What goes around comes around

At the end of January 2008, at the St. Innocent Russian Orthodox Cathedral in Anchorage, Alaska, friends and relatives gathered to bid farewell to Marie Smith Jones, a matriarch of her community. At 89 years old, she was the last fluent speaker of the Eyak language.

Obit JonesMarie Smith Jones (1918-2008) was born in Cordova, Alaska. She was an honorary chief of the Eyak Nation and the last remaining full-blooded Eyak. In a 2005 interview, she explained that her Eyak name translates as “a sound that calls people from afar”.

In 1948 Jones married fisherman, William F. Smith, with whom she had nine children. They did not learn to speak Eyak due to the social stigma associated with it at the time. Smith moved to Anchorage in the 1970s and, so that a record of the Eyak language would survive, she worked with the noted linguist Michael E. Krauss, who compiled a dictionary and grammar. Her last older sibling died in the 1990s. Afterwards, Jones became politically active, and on two occasions she spoke at the United Nations on the issues of peace and indigenous languages.

As the Eyak spoken language died, so did the stories of tricky Creator-Raven and the magical loon, of giant animals and tiny homunculi with fish-spears no bigger than a matchstick. People forgot why the word for a leaf was also the word for a feather – as though deciduous trees and birds shared one organic life. They neglected the taboo that would not let fish-skin and animal hide be sewn into the same coat; and they could not remember exactly why they built little wooden huts over gravestones, as if to give more shelter to the dead.

The Eyak are an indigenous group traditionally located on the Copper River Delta near the town of Cordova, Alaska. The people spoke a distinct language closely related to the Athabaskan languages of North America. Pressure from neighbouring ethnic groups and the spread of English resulted in a decline of the Eyak language and when Marie Smith Jones died, it appeared that the spoken language was lost.

But there is a twist to this tale. Beginning at age 12, Guillaume Leduey, a French college student had taught himself Eyak, using print and audio instructional materials he obtained from the Alaska Native Language Center. During that time, he never visited Alaska or conversed with Marie Smith Jones, the last native speaker.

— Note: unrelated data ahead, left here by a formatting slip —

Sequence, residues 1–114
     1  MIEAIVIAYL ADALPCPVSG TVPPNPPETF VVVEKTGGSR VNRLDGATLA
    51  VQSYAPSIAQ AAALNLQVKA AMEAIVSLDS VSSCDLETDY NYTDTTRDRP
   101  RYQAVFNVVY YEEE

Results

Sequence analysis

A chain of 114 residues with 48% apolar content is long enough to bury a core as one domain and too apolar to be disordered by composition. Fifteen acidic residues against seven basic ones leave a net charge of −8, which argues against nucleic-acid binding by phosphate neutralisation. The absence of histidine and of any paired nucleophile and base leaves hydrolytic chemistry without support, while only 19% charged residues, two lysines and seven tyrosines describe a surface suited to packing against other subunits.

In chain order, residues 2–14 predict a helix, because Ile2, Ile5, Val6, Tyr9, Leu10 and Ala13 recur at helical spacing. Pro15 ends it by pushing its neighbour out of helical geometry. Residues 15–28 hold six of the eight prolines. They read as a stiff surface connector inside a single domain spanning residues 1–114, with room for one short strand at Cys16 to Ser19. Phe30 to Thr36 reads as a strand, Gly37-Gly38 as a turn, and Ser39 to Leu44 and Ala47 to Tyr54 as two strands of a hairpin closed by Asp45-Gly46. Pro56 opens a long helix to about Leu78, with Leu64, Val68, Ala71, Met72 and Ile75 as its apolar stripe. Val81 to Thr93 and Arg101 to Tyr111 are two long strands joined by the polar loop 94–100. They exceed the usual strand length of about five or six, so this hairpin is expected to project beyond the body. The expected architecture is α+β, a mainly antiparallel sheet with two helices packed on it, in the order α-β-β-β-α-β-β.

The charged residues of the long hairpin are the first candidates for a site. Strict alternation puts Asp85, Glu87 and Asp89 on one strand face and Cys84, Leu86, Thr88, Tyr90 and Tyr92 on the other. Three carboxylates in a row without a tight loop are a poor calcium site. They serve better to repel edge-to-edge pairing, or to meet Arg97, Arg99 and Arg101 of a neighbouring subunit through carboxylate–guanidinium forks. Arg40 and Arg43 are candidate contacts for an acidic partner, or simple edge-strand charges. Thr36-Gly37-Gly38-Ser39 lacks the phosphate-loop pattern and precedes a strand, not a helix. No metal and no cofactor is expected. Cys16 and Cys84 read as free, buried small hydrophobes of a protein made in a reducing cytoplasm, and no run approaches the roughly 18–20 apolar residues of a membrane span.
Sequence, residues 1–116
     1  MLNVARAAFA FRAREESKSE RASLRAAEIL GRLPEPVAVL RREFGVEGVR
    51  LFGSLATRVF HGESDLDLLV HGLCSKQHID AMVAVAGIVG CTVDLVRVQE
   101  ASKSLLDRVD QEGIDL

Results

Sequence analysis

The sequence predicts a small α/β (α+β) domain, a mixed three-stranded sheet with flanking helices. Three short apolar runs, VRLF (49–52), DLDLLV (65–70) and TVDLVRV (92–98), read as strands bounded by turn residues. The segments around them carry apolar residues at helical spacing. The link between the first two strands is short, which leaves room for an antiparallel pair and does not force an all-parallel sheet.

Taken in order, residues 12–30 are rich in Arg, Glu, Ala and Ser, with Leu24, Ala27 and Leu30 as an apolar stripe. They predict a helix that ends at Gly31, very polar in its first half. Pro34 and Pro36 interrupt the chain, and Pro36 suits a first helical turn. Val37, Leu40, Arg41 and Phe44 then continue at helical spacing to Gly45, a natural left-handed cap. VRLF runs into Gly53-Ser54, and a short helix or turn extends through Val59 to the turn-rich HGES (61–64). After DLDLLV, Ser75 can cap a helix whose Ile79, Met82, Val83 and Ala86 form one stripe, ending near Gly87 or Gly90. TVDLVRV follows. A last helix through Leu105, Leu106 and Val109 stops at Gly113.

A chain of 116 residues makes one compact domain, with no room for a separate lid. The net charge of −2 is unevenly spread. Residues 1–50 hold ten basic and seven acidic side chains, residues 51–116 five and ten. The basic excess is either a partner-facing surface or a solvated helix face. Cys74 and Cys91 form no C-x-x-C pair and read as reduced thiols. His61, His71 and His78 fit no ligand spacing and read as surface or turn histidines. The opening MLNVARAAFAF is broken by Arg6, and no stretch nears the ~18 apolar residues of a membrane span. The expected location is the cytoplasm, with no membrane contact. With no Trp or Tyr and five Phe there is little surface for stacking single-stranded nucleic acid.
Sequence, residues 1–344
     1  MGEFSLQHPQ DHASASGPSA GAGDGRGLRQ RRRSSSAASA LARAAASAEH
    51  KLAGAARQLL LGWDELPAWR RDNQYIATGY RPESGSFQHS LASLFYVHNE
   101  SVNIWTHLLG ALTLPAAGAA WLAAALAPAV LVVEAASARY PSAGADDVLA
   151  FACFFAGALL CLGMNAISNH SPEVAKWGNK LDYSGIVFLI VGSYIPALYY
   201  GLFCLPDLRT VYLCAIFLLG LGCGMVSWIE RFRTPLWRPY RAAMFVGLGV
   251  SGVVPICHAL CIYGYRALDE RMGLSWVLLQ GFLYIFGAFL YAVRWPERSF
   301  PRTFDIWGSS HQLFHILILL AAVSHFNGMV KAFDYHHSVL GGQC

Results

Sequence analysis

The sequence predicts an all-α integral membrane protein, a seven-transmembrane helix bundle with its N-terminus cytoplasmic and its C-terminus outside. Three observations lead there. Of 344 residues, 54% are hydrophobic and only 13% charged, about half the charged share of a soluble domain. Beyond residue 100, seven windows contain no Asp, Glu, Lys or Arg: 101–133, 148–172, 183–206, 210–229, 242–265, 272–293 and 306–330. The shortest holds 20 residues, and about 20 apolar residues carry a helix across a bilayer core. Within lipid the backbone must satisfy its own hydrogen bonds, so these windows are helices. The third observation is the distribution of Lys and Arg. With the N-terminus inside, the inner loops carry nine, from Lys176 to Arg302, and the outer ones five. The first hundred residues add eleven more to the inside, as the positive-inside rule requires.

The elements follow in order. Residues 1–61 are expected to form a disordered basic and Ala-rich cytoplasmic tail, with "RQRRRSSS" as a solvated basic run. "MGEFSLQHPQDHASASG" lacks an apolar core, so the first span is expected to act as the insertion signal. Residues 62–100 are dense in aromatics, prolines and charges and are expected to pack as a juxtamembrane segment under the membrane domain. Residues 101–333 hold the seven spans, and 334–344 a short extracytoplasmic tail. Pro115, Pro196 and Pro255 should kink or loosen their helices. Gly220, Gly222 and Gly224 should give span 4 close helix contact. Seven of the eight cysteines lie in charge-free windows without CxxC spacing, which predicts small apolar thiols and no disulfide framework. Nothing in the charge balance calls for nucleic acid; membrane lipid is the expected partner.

In 2010 Leduey finally travelled to Alaska and met with Michael Krauss, then Professor Emeritus at the University of Alaska Fairbanks. Dr Krauss assisted him with proper Eyak pronunciation and gave him further teaching in grammar and analysis of traditional Eyak stories. In June 2011, Leduey returned to Alaska to facilitate language workshops in Anchorage and Cordova. He is now regarded as a fluent speaker, translator, and instructor of Eyak.

The number of known languages varies over time as some of them become extinct and others are newly discovered. There is also controversy over what constitutes a separate language as opposed to a dialect. However, in its 17th edition released in 2013, the web-based publication Ethnologue: Languages of the World numbered some 7,106 languages and dialects. That same year 457 or 9.2% of living languages had fewer than 10 speakers. They will soon die out if no revitalization efforts are made.

Fortunately, there is now an Eyak Language Project led by Michael Krauss and Guillaume Leduey. Its goal is to revive Eyak as a living, spoken language, which will be achieved by acquiring and archiving multimedia materials to encourage independent learning and by reconnecting the language to the community.

I couldn’t find the Eyak for “good luck”, but “I love you” translates as: ilah qe’xleh. You never know when that might come in handy.


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